·       This restriction on a company’s capacity was introduced to protect persons who provided a company with capital, on the expectation that the companywould pursue the lines of business for which it was set up and would not expend capitalon frolics outside the company’s stated purposes

·       The problem was that the rules relating to ultra vires were overly complex, technical, and vague and served to harm third parties who had innocently contracted with the company.Accordingly, successive amendments to the CompaniesAct have weakenedthe ultra vires doctrine



·       The requirement of an object’s clause has been abolished by the CA 2015 (although companies can still includean objects clause if they so wish)and such companies will accordingly have unrestricted objects (Section 28, CA 2015)

·       For such companies, the ultra vires doctrine will be of little relevanceas the company’s contractual capacity will not be

limited, and this is the default positionfor companies incorporated under the CA 2015

·       Companies incorporated under previous Companies Acts will still have an objects clause, but the companies can delete the objects clause by passing a special resolution to that effect, and in doing so, acquiring unrestricted capacity (Section 22,CA 2015)



·       The objectsclause and the doctrine of ultra vires arestill relevant in two instances:

(i)            Although companiesincorporated under the CA 2015 do not need to include an objects clause in their articles,they may do so if they wish. It is anticipated that very few companies incorporated under the CA 2015 will include an objects clause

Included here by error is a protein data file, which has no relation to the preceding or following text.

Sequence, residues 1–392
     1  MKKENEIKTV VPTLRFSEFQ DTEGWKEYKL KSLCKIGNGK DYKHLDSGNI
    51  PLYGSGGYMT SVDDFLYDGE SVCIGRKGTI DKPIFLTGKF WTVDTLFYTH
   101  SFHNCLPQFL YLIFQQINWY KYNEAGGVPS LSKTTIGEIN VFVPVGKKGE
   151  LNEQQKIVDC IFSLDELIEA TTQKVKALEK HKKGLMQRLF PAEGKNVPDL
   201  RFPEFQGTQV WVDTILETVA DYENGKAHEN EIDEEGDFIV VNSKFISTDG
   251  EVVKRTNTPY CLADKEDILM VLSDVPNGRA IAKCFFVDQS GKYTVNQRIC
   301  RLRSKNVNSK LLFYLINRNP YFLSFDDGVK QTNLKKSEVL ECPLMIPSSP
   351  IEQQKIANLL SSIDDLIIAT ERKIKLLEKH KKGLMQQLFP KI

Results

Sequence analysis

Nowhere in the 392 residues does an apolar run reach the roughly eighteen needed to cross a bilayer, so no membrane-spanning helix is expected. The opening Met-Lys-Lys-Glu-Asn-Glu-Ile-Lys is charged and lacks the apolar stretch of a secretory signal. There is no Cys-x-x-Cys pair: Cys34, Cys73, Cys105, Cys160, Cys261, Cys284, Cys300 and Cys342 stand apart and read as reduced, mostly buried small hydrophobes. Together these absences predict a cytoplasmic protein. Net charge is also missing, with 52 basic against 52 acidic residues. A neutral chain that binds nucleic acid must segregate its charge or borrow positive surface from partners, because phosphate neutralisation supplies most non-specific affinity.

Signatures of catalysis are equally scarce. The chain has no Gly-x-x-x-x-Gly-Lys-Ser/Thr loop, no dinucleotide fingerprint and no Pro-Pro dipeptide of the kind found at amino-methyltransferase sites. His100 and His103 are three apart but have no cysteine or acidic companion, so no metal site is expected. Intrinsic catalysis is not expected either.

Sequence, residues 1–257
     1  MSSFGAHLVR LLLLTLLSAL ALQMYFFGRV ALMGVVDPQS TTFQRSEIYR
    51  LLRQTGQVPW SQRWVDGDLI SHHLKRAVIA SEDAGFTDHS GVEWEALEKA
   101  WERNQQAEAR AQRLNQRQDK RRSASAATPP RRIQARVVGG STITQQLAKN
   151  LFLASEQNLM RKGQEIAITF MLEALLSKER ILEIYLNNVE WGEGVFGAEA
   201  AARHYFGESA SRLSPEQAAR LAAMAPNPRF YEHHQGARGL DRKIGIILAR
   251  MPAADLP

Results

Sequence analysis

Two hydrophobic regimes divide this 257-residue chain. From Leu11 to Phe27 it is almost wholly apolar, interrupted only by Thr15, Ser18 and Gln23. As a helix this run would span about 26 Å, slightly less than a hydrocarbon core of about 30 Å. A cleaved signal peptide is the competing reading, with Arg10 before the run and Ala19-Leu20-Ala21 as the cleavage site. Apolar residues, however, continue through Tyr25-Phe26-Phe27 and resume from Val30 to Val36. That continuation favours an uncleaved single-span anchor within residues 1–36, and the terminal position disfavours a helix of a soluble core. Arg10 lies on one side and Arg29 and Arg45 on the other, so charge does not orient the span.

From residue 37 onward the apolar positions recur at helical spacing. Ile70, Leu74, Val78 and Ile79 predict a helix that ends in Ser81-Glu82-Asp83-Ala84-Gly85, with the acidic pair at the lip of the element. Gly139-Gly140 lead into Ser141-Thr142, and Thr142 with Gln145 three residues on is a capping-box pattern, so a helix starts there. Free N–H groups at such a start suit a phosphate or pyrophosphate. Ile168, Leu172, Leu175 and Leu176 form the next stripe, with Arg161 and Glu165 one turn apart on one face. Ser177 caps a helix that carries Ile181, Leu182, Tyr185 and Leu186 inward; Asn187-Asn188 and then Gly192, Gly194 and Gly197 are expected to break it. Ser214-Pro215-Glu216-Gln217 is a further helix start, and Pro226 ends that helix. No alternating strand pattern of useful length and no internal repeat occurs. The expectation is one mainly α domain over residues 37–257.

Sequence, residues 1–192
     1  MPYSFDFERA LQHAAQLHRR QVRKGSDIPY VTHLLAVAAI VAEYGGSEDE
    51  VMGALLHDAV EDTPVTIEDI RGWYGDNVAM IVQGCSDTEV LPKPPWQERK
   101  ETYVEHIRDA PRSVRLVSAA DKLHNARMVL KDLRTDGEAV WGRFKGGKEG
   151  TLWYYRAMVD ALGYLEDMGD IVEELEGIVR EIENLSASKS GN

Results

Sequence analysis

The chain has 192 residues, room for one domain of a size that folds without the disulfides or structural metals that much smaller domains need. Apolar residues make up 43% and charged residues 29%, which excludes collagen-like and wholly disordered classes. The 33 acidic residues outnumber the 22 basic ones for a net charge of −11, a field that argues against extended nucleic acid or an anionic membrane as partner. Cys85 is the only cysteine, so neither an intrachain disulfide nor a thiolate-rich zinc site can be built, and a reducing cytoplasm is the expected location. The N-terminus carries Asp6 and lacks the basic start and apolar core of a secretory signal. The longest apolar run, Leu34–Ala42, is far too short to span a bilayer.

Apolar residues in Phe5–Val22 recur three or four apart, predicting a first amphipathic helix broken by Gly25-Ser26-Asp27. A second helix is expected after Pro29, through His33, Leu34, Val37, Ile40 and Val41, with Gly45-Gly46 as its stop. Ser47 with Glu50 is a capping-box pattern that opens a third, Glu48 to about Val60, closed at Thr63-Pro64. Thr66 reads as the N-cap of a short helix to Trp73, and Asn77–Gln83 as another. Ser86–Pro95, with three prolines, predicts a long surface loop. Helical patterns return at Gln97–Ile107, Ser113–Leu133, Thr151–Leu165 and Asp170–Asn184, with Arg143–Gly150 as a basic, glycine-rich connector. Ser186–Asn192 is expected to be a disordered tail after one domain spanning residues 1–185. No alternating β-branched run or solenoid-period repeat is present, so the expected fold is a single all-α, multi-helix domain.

(ii)            Companies incorporated under prior Companies Acts may decide not to, or may neglect to, remove their objects clause. As regards such companies, the objects clause will serve to limit the directors’ authority and the ultra vires doctrine will still be of relevance. Although, it is noteworthy that this doctrine has lost a lot of its force

·       Historically, if a company entered into an ultra vires contract, then that contract would be rendered void ab initio. Unfortunately, this served to harm the innocent third party who contracted with the companyand who often had no idea of the scope of the company’s objects clause

·       This has been remedied by Section 33, CA 2015, which provides that the validity of an act done by a companyshall not be called into question on theground of lack of capacityby reason of anything in the company’s constitution

·       It may be the case that a transaction is within the capacity of the company, but the director who caused the company to enter into the transaction had no authority to do so. In such a case, the issue is not one of corporate capacity, but of directors’ authority. Again, the Act seeks to protect third parties, with Section 34(1), CA 2015 stating that, ‘in favour of a person dealing with a company in good faith, the power of the directors to bind the company, or authorize others to do so, is deemed to be free of any limitation under the company’s constitution’

·       The resultant effect of Section 33 and 34(1), CA 2015 is that if a company or director enters into an ultra vires contract with a thirdparty, then the contract cannot be attackedon the ground that it is ultra vires à Therefore, from the point of viewof a third party, the ultra vires doctrine is of littlerelevance, which is why it is often stated that the CA 2015 abolishesultra vires externally, because it is of little concern to external third parties.

·       However, whilst the CA 2015 may have rendered the ultra vires doctrine largelyirrelevant to personsoutside the company,it remains relevantto persons insidethe company for two reasons: